Updated: Oct 25, 2022
The 48-hour invention competition, Make48, is going back to their roots and returning to Kansas City for its City Series competition this December. Kansas State School for the Blind will host the 2-day collaborative inventor and maker challenge. The competition is set to take place December 2-4, 2022.
Six teams of students from Kansas and Missouri, including the Kansas State School for the Blind, will be able to participate in the unique maker competition which helps contestants discover what is possible in just 48 hours. The twist is that competitors don’t do any of the building, Make48 supplies all the tool technicians to help teams create anything they can think of to solve the challenge. The Kansas State School for the Blind is a state agency dedicated to the education of students who are visually impaired or blind.
Jon Harding, Superintendent at KSSB, is looking forward to seeing the students compete. “We are thrilled to partner with Make48 to bring a premier event/competition to students who are blind and have low vision. It sends a message that STEM is for all students, and that those who are blind can display their intelligence, creativity, and team-building skills alongside community and business leaders. This competition will allow students to build relationships with adults and peers in a positive, exciting environment. This will be a one-of-a-kind opportunity for students to expand their social networks and to identify potential mentors who can help them on their journey to independence, employment and post-secondary success.”
The KSSB Makerspace is a small but mighty, accessible learning space where students use 3D printers, embroidery circuit machines, heat press and so much more. The event’s goal is to showcase that Make48 has no barriers, anyone can compete, you just have to have a great idea! The winning team will win $2k and advance to compete at the national competition, slated for March 2023, where one team can win $10k.
Make48 Co-creator and CEO Tom Gray added, “It’s wonderful to see Kansas City support KSSB and their students. For the first time EVER, the captains of each team will come from local businesses. Our aim is for these potential employers to spend 3 days with the students. We know they are extremely creative within the design process, and Make48 thrives on collaboration as our key to innovate. We have effectively removed all barriers and with some creative relationship building, we hope the students can start their own employment journey once they graduate.”
Details can be found at https://www.make48.com/ks-school-for-the-blind
Following a successful series of Make48 competitions, KSSB will be the final event of 2022 in which six other cities held challenges with sponsors such as; Harley-Davidson, TREK Bicycle and Corteva Agriscience. Watch what happened at Milwaukee’s 2022 event HERE!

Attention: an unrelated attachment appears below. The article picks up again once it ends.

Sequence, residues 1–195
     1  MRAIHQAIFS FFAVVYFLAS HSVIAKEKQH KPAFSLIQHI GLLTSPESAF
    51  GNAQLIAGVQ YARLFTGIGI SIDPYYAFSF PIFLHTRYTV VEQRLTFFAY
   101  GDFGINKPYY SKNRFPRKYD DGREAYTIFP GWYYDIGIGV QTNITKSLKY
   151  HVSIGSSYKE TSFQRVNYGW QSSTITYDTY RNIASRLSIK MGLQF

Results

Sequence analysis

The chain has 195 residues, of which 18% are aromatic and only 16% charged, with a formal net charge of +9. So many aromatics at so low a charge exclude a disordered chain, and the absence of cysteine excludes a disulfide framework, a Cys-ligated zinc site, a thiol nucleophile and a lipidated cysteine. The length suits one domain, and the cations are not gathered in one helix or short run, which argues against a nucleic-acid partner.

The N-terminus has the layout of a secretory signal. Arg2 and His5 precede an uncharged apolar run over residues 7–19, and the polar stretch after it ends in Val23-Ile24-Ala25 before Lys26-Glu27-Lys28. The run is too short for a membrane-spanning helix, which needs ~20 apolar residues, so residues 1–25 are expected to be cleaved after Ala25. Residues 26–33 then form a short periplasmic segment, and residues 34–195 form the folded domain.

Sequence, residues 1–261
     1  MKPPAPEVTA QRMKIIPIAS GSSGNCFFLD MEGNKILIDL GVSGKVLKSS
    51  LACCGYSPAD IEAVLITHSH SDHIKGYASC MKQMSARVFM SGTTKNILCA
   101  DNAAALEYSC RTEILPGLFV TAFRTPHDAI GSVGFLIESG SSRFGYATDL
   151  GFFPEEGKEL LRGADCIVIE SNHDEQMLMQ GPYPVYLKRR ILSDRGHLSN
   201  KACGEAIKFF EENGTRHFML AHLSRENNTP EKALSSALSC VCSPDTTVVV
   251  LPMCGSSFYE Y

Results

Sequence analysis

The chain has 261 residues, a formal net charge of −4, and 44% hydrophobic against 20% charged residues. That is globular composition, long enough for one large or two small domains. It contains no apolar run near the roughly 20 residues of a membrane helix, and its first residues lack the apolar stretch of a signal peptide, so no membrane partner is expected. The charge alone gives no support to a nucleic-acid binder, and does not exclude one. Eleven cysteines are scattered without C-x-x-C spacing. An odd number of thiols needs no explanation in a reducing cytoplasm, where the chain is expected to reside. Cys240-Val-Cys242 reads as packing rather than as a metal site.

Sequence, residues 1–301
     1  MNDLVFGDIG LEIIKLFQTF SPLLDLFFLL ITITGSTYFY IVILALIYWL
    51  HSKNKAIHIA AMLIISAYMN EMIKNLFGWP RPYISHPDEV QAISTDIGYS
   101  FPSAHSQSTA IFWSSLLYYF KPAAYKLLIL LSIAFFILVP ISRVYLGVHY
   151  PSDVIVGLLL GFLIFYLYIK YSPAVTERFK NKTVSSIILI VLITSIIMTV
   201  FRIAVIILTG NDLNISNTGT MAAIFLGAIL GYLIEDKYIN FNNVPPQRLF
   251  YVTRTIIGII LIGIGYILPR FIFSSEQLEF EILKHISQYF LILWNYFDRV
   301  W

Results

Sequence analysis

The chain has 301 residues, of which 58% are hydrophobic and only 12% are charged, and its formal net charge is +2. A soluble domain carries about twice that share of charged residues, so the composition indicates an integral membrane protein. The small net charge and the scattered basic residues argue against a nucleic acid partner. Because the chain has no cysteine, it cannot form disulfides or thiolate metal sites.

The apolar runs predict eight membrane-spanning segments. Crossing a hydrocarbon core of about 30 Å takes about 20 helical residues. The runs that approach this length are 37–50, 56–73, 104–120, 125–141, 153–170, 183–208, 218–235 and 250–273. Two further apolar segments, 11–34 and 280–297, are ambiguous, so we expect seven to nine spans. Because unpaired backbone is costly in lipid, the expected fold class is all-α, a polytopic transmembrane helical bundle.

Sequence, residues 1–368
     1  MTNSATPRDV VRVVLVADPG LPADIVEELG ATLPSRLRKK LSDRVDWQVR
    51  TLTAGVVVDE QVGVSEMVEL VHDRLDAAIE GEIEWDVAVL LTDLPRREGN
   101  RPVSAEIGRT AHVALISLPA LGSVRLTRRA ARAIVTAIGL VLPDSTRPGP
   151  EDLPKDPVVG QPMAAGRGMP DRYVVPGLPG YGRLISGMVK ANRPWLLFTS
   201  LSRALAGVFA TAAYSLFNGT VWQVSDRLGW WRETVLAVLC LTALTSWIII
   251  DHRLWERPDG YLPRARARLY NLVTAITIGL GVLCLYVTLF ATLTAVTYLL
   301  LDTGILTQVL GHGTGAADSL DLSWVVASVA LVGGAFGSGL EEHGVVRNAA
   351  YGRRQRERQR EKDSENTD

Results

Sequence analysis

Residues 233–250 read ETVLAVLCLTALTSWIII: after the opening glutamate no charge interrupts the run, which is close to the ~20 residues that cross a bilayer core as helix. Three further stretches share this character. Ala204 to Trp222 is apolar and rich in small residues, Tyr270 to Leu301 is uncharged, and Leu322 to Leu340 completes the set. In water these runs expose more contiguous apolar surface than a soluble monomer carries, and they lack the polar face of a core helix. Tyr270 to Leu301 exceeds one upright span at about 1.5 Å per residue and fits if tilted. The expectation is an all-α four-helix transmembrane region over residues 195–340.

Make48 is a nationwide invention-competition docuseries distributed by leading syndicator American Public Television that gives teams a challenge at the start of a two-day event. With just 48 hours, teams must create a prototype, promotional video and sales sheet, and present their idea to a panel of judges. The teams have access to a makerspace and numerous Tool Techs that can make almost anything, patent attorneys, marketing experts, and more. This format allows everyone to have a level playing field and the chance to win, with no prior technical knowledge necessary. Make48 Facebook YouTube Twitter Instagram
Kansas State School for the Blind
Kansas State School for the Blind is a fully accredited public high school located in Kansas City, Kansas, U.S., serving students in grades Pre-K through 12. The school was established in 1867. It is located on 10 acres located in downtown Kansas City, Kansas. Kansas State School for the Blind is a State Agency dedicated to the education of students who are visually impaired or blind. KSSB has some of the most talented and creative teachers to be found anywhere. Most are licensed specialists in Blindness and Visual Impairments and many have additional specializations such as math or science or areas of disability (i.e., Deaf-Blind or Learning Disabilities). All staff members function as a part of a multidisciplinary team which guides the education of each student. Among these team members are Teachers of Students with Visual Impairments, Certified Orientation and Mobility Specialists, Rehabilitation Teachers, Social Workers, a Music Therapist, Nurses, a Dietary Specialist, Occupational and Physical Therapists, a School Psychologist, a Low Vision Optometrist, an Activity Therapist, Braille Transcribers, and a Speech Therapist.